Consider a seldom-read passage back in the book of Judges that illustrates how oneness can mean unity: "So all the children of Israel came out, from Dan to Beersheba, as well as from the land of Gilead, and the congregation gathered together as one man before the Lord at Mizpah" (Judges 20:1).

For once, the entire nation of Israel was wholly unified in purpose to meet a serious problem affecting the whole country. The expression "as one man" is used to convey the point that the nation was fully united at that particular time.

Judges 20:8-11 emphasize the point: "So all the people arose as one man . . . So all the men of Israel were gathered against the city, united together as one man." Of course, they still remained many individual citizens of the same nation. So again, the Bible itself sheds light on the meaning of oneness.

Comprehending God's oneness

We see, then, that Scripture reveals two separate, distinct persons, both spirit, yet one in unity, belief, direction and purpose—members of the same divine family. "I and My Father are one," said Jesus (John 10:30).

When we understand what the Bible teaches, we see that there is only one God, just as there is only one human race—one extended family descended from Adam of nearly 7 billion individuals. The one divine family—the family of God—has multiple members, with all of humanity receiving the opportunity to become members of it along with the Father and Christ.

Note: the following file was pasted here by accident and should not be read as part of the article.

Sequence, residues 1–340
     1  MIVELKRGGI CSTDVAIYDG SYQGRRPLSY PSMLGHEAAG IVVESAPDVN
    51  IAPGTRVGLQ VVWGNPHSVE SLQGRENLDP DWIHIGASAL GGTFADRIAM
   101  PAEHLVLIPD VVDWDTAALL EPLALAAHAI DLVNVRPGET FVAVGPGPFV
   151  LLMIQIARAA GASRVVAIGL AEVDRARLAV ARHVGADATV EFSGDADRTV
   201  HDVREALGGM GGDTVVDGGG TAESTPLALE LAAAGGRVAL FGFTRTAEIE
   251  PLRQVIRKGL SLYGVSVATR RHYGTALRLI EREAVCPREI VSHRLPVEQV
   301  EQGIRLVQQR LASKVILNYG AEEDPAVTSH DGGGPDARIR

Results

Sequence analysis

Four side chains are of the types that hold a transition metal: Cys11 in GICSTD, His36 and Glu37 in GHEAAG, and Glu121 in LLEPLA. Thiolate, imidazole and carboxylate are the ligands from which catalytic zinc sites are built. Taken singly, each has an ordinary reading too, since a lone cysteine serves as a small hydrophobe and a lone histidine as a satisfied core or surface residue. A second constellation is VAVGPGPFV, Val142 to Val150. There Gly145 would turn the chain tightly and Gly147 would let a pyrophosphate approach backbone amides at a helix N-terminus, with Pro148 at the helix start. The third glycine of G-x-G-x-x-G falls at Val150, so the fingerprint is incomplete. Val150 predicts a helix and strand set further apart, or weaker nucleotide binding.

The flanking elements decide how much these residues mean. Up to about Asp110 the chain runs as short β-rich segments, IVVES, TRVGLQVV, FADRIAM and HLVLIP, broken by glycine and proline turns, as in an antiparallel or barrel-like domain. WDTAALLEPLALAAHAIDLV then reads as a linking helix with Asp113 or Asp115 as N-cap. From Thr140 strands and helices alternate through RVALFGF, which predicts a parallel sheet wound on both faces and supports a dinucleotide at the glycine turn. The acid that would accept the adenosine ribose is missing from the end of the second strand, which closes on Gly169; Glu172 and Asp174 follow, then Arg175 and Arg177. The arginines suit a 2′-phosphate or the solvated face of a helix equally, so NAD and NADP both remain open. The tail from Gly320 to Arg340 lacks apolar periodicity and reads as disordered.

The traditional human family is a microcosm of that one great divine family (compare Romans 1:20). If we comprehend this marvelous, wondrous biblical principle, we should be reflecting our ultimate destiny in our marriages, other family relationships and everyday lives. We should strive to reflect the love and unity of the divine family—God the Father and His Son Jesus—in our human families.

Clearly, then, we must let the Bible interpret what it means in referring to the one God. God the Father and Jesus Christ, along with the Holy Spirit, are not one single being, as Trinitarian teaching maintains. Rather, the Father and Christ are distinct divine Beings who together are one God—the one God meaning the one God family that is one, united, in harmonized will and purpose. We consider the nature and role of the Holy Spirit in the next two chapters.